Chickens like fennel. I like cavalo nero.
This owning chickens thing is so, so worth it. We are falling in love with this gaggle of creatures. My son said to me the other day: "mom, I just can't get enough of these chickens." None of us can. I peak around the corner and see: one son or the other, sitting in the coop with chickens nesting on their arms. I pluck fennel and arugula from my garden and we hang it in their coop: then watch to see. Will they like it?
So far: they don't love zucchini, red peppers or cantaloupe rinds. But they are loving: fennel fronds, arugula leaves and flowers, beet greens, artichoke greens and water-soaked, day-old bread. Who knew?
The garden: it was great to return from weeks in Montana and then Italy. To dive into giving my garden some much-needed TLC. I weeded, added topsoil, emptied my garden of rotting leaves and caressed just-opening squash blossoms. Pictured here: nasturtiums. These insane, growing-like crazy nasturtiums are one of my favorite finds. I haven't grown nasturtiums before; they entered my tiny little garden when I discovered 2 tiny humble plants at a garden festival. It was marked 'edible flowers.' Why not? And here they are growing like crazy and now, every year forward I will make space for them. Because they: 1. are brilliantly colorful, 2. grow into a substantial, eye-catching mound and 3. taste good (like apples at first, then peppery to finish).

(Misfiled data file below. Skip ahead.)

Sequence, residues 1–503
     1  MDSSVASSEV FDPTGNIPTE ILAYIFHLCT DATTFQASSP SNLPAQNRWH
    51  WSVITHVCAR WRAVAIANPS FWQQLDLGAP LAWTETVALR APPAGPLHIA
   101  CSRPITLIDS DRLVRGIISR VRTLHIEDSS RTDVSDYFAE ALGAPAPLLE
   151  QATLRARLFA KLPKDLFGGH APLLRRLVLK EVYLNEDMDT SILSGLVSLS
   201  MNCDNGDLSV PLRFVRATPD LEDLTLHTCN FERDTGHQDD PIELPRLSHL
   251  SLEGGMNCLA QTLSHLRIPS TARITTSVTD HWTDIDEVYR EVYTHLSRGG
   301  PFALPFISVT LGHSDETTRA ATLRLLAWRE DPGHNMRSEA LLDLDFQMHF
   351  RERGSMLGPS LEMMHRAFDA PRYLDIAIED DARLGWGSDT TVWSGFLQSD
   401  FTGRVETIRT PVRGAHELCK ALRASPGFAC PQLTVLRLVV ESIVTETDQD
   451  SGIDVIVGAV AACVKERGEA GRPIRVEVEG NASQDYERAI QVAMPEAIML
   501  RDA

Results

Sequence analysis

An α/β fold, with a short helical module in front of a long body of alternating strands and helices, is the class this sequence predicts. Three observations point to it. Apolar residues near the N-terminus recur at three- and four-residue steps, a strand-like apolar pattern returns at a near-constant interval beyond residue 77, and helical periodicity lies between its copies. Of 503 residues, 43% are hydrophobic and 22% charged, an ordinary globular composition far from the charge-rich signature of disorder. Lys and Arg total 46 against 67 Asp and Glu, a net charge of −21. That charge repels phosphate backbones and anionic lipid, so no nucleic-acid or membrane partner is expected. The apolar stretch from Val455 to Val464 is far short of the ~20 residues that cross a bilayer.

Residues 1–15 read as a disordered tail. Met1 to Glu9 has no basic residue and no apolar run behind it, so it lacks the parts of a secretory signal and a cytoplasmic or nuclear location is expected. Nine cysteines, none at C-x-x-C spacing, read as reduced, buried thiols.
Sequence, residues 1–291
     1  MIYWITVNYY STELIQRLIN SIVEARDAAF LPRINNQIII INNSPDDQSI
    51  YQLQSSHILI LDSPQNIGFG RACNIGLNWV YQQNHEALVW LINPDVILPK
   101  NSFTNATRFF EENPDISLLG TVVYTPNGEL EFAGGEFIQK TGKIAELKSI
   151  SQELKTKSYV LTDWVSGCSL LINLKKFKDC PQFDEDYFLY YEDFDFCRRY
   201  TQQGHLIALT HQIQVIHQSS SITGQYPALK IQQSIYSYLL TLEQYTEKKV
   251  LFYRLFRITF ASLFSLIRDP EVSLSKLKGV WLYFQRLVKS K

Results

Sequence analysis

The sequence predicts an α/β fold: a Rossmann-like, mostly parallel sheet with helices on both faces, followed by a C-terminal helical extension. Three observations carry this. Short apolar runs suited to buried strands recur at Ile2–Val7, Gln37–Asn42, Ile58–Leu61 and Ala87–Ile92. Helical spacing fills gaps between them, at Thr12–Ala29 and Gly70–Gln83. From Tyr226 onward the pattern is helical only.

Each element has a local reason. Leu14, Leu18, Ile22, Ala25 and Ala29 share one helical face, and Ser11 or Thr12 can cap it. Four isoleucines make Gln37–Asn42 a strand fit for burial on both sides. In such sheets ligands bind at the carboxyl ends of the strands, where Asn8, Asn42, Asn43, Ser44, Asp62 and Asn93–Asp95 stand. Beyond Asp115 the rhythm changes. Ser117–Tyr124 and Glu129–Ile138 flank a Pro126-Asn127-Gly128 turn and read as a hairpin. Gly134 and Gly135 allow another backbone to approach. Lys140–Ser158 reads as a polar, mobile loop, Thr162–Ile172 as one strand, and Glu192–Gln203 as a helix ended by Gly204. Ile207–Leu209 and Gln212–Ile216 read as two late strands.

I recently had a cooking class where I lined nasturtium flowers in a long, skinny tray in the center of the table. After we cooked up a storm, I invited the ladies to taste them. We eat plenty of leaves... so why not flowers?
Chickens, flowers and a little bed. As you may know, we have been in our 'fixer' house for just under a year. We are removing reams of bamboo and a long list of invasive plants while conjuring up big plans for our urban farm. This summer I take little plots for planting wherever I can find them: here is a bed of squash, tomatoes, loads of basil and just today I added: radicchio starts and black cabbage seeds (BTW from Italy! Brought them home last week. Black cabbage---cavalo nero---is what Tuscan's use for their ribollita).
(Growing black cabbage is a deliberate maneuver to cook up a pile of classic Tuscan dishes. DaVinci Wines sponsored myself and three others to take a trip to Italy; we ate hoards of Italian food. Now that I am back home, I am ever-inspired to recreate these authentic dishes. But don't worry: you don't need black cabbage for your ribollita. It is just as brilliant with Kale, dark leafy greens and/or other cabbage-cousins).